When I realized there was a hole in the roof I helped replace last year, I briefly cursed the ceramic-like material we chose instead of the more commonly used zinc. Then I remembered that it is the insulating properties of the material that allow meetings, like the free electricians' class that was suddenly scrambling to understand the noises, to happen on hot afternoons like this one in the Barrio. Several students ran up the alley to the field behind the house to investigate, a couple more went into the back garden to see if they could spot the culprits, while I surveyed the damage – wondering what, really, could be done if we did find the responsible parties. This is a neighborhood where who the ladrones are is talked about openly, and the police sometimes have to be fetched in a taxi to investigate a burglary.

I found the fist-sized hole above the cabinet where we keep the games and childrens' books, just outside the kitchen door. A few feet away was the small chunk of concrete that had been hurled – I imagine with some sort of sling – with enough force to shatter the roof panel. Three other small holes revealed the contact points of less-destructive throws.
The rock: really a tangerine-sized chunk of concrete.
I find myself trying to process my emotions while the six students who aren't looking for the stone throwers, and their teacher from the Technical School - who says “that woke us up!” - mill about anxiously. Do I feel unsafe? Barely – I feel a bit more vulnerable than usual, for sure, but for some unexplained reason I feel ready to deal with whatever might happen to me, even if it were a rock to the head. What about the children, and the other adults who use this place, mostly when I'm not here? Yes, I definitely feel concern for them, and for Marria, who I have invited to join me on this visit. This needs to be a place where people feel (and are) safe, where they can relax – a retreat from the busyness and anxiety that are so often byproducts of the struggle for survival in the modern world.

What would I do if I had the chance to confront the rock-throwers? Yell at them? (What, really, would that accomplish?) Call the Police, and try to make sure they get punished? I struggle to find a punishing bone in my body. Life is so full of natural consequences, why would I need (or want) to increase the pain in this world that so often feels over-full of it? The closest I feel to resolution in those fifteen minutes after the incident is that I want to invite the stoners over to the house, to explain what it is for, and to find out what it is they need. Maybe that would shed some light on what inspired them to hail rocks on our roof. (Was it only our roof? I heard no reports of other roofs being hit.)

A beam of sunlight serves as a constant reminder as the adrenaline wears off, and I continue reflecting on the event, what might have caused it, if there's something I should do about it. Somehow it is easier for me to consider the house a target, rather than be a subject of totally random violence. Maybe it's like a sugary sweetener feeding my gringo guilt. Of course we should be the target: we have a brand new roof, and a water tank, and a new paint job, and most of the year no one even lives in this house! To some, this house could represent the wealth and hegemonic power of the United States, more or less dependent on exploitation of countries like Nicaragua and its people; the U.S. role in overturning the Nicaraguan revolution, facilitated by drug and arms sales; the hundreds of years of colonial history, which left the largest, most resource-rich country in Central America its poorest, with still-beautiful landscapes growing out of clear-cut jungle. Of course I am just making up someone else's story, using what I know, and looking from my own perspective. I don't know why this happened any more than I do who did it.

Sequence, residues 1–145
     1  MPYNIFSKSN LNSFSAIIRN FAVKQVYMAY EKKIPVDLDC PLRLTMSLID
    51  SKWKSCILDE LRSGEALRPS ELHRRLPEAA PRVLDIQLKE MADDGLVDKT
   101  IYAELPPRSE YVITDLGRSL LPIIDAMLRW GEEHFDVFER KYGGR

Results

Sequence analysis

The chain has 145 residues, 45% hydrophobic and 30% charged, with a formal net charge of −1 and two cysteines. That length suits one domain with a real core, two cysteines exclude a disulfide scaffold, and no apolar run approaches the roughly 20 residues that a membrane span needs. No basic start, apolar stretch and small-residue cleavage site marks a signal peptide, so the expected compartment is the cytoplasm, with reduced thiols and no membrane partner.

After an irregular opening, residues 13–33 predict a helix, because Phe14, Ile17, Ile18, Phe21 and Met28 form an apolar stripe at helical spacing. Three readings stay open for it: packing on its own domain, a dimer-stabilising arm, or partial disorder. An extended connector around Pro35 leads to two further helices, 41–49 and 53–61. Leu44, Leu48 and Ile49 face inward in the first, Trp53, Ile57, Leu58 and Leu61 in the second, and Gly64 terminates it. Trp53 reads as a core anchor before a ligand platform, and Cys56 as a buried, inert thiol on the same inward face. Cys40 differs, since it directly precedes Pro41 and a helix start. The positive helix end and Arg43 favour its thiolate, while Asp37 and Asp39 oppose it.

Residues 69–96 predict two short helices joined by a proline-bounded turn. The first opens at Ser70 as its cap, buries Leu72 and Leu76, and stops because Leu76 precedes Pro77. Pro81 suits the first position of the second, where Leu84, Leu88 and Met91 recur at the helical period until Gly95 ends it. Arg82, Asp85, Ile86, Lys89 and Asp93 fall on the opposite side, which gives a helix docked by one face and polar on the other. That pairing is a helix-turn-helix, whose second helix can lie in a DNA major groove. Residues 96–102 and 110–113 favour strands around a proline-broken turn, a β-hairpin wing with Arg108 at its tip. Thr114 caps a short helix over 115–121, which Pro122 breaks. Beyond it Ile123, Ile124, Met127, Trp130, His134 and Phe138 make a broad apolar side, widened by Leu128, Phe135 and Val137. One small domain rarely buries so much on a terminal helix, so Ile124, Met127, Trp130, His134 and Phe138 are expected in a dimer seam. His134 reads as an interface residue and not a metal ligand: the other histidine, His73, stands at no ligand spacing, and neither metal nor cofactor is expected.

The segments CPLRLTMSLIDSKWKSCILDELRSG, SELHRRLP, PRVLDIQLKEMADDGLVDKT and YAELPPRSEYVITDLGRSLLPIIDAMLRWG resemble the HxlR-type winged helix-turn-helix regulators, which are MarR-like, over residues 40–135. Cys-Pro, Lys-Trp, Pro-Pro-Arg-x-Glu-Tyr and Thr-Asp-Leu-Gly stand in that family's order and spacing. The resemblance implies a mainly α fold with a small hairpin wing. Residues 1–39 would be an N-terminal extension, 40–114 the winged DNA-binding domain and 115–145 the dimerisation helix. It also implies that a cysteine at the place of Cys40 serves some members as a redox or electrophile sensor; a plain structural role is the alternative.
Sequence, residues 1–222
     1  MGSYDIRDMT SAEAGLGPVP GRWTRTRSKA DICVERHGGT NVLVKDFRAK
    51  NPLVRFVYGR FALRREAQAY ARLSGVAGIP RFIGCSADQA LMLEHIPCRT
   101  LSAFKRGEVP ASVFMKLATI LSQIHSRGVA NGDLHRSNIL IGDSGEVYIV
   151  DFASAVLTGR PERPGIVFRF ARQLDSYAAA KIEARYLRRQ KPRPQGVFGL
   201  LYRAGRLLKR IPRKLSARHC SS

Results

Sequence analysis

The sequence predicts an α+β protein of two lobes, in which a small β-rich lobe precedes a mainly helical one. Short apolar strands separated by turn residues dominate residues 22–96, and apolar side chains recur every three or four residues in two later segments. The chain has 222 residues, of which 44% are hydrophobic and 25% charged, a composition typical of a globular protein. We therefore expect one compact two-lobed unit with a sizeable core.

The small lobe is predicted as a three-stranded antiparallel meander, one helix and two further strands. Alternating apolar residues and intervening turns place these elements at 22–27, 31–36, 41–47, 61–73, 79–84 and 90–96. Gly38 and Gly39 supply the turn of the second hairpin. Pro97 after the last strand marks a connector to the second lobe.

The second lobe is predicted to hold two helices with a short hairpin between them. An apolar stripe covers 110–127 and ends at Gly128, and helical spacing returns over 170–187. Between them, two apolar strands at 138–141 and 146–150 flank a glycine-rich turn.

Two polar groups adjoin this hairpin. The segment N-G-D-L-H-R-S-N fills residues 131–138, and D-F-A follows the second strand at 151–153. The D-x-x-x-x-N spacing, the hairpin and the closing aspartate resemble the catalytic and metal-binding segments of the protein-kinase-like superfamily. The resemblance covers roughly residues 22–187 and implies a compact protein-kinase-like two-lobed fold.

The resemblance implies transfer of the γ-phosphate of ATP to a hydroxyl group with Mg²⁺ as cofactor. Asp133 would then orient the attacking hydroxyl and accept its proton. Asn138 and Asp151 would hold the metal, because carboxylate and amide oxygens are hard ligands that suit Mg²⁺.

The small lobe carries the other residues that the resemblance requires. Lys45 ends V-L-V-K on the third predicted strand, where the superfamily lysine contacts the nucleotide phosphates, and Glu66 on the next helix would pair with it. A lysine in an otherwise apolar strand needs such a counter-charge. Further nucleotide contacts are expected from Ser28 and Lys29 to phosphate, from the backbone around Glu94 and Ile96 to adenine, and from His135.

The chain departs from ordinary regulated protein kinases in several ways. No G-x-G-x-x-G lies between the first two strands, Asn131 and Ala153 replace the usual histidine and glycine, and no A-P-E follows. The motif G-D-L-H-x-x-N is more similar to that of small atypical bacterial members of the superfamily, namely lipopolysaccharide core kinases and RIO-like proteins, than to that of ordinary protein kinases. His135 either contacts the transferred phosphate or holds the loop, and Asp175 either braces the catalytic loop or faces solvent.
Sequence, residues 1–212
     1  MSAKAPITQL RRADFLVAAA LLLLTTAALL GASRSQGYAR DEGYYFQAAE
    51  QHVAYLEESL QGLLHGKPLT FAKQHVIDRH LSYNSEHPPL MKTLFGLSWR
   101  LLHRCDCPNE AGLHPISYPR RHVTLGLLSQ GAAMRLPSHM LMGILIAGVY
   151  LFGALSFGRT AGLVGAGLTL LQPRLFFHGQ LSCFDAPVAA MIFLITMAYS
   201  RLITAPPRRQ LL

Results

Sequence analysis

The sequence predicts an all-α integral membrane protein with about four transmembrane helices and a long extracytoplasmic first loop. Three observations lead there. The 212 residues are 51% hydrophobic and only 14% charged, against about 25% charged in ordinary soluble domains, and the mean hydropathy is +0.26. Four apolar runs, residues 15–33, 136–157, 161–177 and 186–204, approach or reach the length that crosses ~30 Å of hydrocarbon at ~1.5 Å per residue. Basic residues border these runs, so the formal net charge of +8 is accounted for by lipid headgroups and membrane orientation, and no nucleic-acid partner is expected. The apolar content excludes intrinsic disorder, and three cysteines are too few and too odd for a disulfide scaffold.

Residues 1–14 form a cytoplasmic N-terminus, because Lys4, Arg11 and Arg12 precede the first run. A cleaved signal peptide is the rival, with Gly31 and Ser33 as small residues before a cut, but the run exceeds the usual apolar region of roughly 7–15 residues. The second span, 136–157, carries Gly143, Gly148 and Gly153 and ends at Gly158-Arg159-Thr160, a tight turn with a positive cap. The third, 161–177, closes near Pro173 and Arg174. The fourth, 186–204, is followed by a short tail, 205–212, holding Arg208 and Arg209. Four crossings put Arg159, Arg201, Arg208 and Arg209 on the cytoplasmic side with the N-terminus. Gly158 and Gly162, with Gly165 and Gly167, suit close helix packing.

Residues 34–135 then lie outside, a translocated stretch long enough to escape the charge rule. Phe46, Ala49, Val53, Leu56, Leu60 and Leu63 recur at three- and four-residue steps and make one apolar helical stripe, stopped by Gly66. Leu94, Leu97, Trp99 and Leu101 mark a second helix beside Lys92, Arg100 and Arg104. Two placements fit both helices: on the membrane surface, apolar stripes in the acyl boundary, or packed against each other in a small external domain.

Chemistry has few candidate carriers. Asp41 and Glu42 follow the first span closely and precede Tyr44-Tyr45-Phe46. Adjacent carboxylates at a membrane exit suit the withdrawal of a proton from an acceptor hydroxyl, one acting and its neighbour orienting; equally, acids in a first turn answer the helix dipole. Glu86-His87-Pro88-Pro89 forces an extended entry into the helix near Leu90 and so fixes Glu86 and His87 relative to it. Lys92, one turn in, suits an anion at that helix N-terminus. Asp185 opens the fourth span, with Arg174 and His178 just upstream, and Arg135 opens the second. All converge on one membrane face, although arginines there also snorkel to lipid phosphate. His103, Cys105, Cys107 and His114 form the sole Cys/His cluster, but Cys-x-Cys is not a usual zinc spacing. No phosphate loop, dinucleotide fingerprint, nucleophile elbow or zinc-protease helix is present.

When I take the time, though, to think about myself, I remember that my own behavior often reflects the care I feel I am receiving from others. How many times have my arguments and fights with my siblings been born out of jealousy for what they got from my parents? When have I taken liberties with employers: when I believe they really cared for my well being as much as their own, or when it seemed like they were out for only their own good? Have I ever left a MacDonalds cleaner than I found it? How about the home of a gracious host? I want to care for these piedrinos in the way I feel cared for, in the way I feel care for them. For though I don't know them, I do care for them, and about them; and, as members of this community, in some unknown way I feel they are caring for me, though throwing rocks isn't their most precise way of doing so.

It comes to me simply and directly, as a cat who's ready to be pet now: I will confront what feels like uncarefulness with care. I decide to go into the street in front of the house and clean up the garbage, carelessly tossed there like the rocks on my roof.

In the spirit of the Faithful Fools, who believe wehave what we need before it is asked of us, I find an extra garbage sack in front of the house (we reuse them here). If that weren't enough, when the neighborhood kids ask me what we'll do together tomorrow, I tell them what I really want to do is clean the street; and they ask what time, and debate over when it won't be too hot, and then show up promptly at 4pm and we clean for an hour. In the end, I don't know if what I've done will keep more rocks from falling on the roof of the Casa Misionera Franciscana, or keep the culprits from doing it to someone else, but I feel like I helped some kids who could grow up to be rock-throwers find something to do when they're bored that probably feels better than throwing rocks at someone's house.

I can't help but think that maybe we all live in glass houses, and the first stone isn't the only one we shouldn't throw.

Paz y amor.